The Logic of the Rebel: On Simone Weil and Albert Camus.
In 1943 at the height of World War II and just weeks before her death, Simone Weil produced an essay titled “On the Abolition of All Political Parties.” In her all-out assault on parties, she reminds us, paradoxically, of why parties, for all their flaws, remain crucial to a functioning democracy. Whereas English and American parties retain an “element of sport” (of friendly.
Simone Weil (b. 1909) was a French writer, thinker, and activist who left a corpus of disparate writings that collectively present a sophisticated challenge to contemporary politics and philosophy. She died, aged thirty-four, in 1943. She was born into an affluent life in Paris. As a schoolgirl, she declared her solidarity with the Communist Left. Weil was high-achieving while receiving the.
So aesthetic appreciation and horrendous affliction are both ways for God’s reality, expressed in the “order and beauty of the world” to possess us utterly. Simone Weil consistently emphasizes that we must recognize and bow before the reality of God. Echoing St. Paul’s comment that “the creation was subjected to frustration, not by.
His essay (with Finn Nielsen) on Weil’s concept of law appeared in Simone Weil’s Philosophy of Culture: Readings Toward a Divine Humanity (Cambridge University Press, 1993), edited by Richard.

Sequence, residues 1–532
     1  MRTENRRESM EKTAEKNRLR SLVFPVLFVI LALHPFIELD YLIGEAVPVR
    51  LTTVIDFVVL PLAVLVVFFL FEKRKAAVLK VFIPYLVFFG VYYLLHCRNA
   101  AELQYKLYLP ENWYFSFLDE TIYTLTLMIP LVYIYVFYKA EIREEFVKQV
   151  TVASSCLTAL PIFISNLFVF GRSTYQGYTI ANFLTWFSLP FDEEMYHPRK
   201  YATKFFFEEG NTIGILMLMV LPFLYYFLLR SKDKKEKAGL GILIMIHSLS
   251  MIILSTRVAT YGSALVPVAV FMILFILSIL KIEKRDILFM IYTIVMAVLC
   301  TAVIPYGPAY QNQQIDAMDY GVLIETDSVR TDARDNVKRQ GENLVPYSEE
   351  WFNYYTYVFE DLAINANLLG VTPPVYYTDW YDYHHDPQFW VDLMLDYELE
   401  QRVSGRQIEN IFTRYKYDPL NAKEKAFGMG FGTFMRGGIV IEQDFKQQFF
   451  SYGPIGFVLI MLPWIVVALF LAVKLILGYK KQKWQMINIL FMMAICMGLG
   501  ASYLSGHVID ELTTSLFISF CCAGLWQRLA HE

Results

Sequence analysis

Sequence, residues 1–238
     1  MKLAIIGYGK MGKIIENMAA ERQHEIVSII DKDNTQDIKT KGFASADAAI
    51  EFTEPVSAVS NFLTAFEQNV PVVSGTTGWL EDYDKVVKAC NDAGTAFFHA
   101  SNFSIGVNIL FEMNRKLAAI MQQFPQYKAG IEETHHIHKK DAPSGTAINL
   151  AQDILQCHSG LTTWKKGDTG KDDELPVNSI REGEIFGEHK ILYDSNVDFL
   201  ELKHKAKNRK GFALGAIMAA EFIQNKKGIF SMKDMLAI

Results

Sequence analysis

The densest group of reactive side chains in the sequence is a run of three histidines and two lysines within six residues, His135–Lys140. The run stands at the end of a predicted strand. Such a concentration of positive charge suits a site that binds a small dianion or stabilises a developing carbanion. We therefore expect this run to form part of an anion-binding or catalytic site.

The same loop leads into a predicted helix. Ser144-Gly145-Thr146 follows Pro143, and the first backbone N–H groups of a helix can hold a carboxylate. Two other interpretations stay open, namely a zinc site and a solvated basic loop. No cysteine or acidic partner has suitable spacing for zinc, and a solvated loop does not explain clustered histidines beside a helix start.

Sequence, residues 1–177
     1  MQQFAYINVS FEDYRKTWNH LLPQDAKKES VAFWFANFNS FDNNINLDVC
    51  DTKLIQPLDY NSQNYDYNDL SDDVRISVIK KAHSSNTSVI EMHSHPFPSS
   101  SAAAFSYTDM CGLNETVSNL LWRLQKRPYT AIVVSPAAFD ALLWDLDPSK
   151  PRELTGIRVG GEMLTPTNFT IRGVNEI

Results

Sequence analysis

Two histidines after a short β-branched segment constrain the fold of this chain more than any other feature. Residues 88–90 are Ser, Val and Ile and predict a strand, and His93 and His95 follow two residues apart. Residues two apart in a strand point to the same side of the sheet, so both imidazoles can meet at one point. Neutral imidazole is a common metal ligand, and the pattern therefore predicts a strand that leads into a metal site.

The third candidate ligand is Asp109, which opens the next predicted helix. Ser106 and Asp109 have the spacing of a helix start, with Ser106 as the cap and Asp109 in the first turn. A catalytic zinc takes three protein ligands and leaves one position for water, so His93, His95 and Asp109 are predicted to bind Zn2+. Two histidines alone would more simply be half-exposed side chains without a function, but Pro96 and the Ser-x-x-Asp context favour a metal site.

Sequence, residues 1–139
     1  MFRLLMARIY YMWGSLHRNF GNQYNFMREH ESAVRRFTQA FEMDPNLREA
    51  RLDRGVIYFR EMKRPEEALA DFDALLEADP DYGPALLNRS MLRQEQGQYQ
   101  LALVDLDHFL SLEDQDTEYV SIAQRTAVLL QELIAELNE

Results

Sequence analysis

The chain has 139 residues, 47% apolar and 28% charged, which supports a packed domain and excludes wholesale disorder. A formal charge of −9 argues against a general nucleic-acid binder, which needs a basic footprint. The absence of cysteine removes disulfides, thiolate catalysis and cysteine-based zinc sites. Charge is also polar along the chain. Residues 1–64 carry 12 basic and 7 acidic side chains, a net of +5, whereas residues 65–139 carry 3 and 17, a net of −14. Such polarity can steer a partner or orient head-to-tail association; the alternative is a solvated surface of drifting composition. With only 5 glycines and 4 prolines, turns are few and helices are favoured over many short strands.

Simone Weil (Maria Bingemer) is 20% off every day at WipfandStock.com. The present book reflects on the life, work, and legacy of an exceptional and enigmatic woman: the philosopher and French Jewish mystic Simone Weil. It constitutes a.
Simone Weil, (born February 3, 1909, Paris, France—died August 24, 1943, Ashford, Kent, England), French mystic, social philosopher, and activist in the French Resistance during World War II, whose posthumously published works had particular influence on French and English social thought. Intellectually precocious, Weil also expressed social awareness at an early age. At five she refused.
The Mysticism of Simone Weil and Francois Mauriac's Viper's Tangle: Affliction, Gravity, and Grace Although Eugene Fleure and Yves Leroux amply document Francois Mauriac's admiration for his compatriot, Simone Weil, these critics fail to explore a significant key to the affinity between the Catholic novelist and the heterodox mystic: Mauriac selected for the epigraph to his novel, The Lamb.